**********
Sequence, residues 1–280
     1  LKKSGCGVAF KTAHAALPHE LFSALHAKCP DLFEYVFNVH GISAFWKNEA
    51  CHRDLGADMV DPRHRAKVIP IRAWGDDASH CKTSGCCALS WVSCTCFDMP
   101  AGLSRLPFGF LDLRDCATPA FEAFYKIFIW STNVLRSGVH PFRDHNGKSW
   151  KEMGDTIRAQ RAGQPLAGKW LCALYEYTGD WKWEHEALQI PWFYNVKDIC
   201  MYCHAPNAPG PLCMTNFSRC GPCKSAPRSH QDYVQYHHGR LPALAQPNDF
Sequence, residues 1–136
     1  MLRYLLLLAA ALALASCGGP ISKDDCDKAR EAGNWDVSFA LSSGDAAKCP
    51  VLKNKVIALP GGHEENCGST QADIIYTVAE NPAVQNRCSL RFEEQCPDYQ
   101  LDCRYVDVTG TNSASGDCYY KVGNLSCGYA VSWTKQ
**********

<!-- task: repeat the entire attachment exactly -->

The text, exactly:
Sequence, residues 1–280
     1  LKKSGCGVAF KTAHAALPHE LFSALHAKCP DLFEYVFNVH GISAFWKNEA
    51  CHRDLGADMV DPRHRAKVIP IRAWGDDASH CKTSGCCALS WVSCTCFDMP
   101  AGLSRLPFGF LDLRDCATPA FEAFYKIFIW STNVLRSGVH PFRDHNGKSW
   151  KEMGDTIRAQ RAGQPLAGKW LCALYEYTGD WKWEHEALQI PWFYNVKDIC
   201  MYCHAPNAPG PLCMTNFSRC GPCKSAPRSH QDYVQYHHGR LPALAQPNDF
Sequence, residues 1–136
     1  MLRYLLLLAA ALALASCGGP ISKDDCDKAR EAGNWDVSFA LSSGDAAKCP
    51  VLKNKVIALP GGHEENCGST QADIIYTVAE NPAVQNRCSL RFEEQCPDYQ
   101  LDCRYVDVTG TNSASGDCYY KVGNLSCGYA VSWTKQ